The Maldives. The place conjures images of white sand, crystal clear waters and luxury resorts. The first resort opened in 1972 and since then tourism has flourished with now more than 105 foreign backed resort islands ranging in price from $50 to $30,000 per night.
These 105 islands together with another 95 local and fishing islands make up the 200 inhabited islands of the Maldives - still dwarfed by the 1,800 uninhabited islands.
One island has a unique history, once a resort throughout the 80’s and 90’s, now being reclaimed by nature; the island of Villingillivaru (Villivaru).
18 miles south of Male International Airport, originally the sister resort of Biyaadhoo, Villivaru can now only be accessed by private boat. Once owned by the Indian travel company Taj Group and more recently the Sri Lankan Sunland Group it has lay abandoned for several years.
To some, who spent honeymoons, significant birthdays and first holidays there in the 80’s and 90’s memories of the island are bittersweet, as its decline shrouded in corruption, multimillion dollar deals and mismanagement means the are unable to return.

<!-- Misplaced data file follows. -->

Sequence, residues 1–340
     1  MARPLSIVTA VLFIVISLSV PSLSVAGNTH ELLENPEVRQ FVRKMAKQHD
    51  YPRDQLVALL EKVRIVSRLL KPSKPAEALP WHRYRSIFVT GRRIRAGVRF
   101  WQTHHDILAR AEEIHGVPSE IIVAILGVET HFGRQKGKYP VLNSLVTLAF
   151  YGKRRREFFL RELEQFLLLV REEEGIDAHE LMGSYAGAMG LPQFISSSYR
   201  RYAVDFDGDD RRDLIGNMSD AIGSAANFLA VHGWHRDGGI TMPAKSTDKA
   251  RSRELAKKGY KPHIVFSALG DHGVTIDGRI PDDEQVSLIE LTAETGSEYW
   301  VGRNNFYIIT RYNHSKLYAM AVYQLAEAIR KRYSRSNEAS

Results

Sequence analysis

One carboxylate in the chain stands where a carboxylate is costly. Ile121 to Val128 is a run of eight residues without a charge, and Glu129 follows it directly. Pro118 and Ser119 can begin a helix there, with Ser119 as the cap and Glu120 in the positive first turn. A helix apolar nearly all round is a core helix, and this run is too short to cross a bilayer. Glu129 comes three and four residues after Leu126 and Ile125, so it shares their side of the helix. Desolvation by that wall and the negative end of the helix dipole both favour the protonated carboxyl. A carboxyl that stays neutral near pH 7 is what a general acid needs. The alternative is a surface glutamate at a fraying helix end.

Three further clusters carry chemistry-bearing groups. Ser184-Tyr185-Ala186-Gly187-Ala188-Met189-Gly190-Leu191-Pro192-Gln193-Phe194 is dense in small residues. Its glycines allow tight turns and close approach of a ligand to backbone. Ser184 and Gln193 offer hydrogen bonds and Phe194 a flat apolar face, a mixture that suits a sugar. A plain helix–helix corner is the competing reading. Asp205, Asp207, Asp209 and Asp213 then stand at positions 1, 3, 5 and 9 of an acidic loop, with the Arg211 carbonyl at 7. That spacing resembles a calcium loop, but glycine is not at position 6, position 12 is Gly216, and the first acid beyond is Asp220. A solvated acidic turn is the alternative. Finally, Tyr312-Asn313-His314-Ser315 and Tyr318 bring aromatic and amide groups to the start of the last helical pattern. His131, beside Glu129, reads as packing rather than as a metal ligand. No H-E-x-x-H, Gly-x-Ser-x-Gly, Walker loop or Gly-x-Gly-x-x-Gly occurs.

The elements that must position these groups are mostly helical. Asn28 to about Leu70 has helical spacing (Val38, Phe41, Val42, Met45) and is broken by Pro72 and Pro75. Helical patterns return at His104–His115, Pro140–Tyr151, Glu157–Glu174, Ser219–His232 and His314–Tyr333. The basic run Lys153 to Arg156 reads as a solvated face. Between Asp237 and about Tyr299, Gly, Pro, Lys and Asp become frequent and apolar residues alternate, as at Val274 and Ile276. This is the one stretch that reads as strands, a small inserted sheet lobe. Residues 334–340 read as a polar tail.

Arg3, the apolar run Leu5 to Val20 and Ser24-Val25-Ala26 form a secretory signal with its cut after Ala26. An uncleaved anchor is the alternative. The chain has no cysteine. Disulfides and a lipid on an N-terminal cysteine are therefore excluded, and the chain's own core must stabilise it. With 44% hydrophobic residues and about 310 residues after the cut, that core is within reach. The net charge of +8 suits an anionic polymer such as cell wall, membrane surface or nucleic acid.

Photos from April 2016
Access to the island by private boat revealed the original ferry jetty.
The first building we found was a beach side family bungalow covered in graffiti.
Anything left behind with value had since been looted, leaving only broken electronics, old furniture and plastic bottles.
As the Maldives is a muslim country most all islands will have a mosque. Construction was underway on Villivaru before its abandonment, as a part of the construction left behind was an incomplete mosque.
The 2-storey main complex would have housed a restaurant and lobby. Structurally it was still sturdy.
Signs of life
While we saw no one, there were signs of people squatting on the island.
The amount of plastic both left behind and washed up on the the beach was jaw dropping.
In order to get the picture perfect pristine beaches the Maldives is best know for, resort employees will constantly be cleaning the beaches. Left alone coconut shells, driftwood and a lot of plastic will washed onto the shore.
More information on Villivaru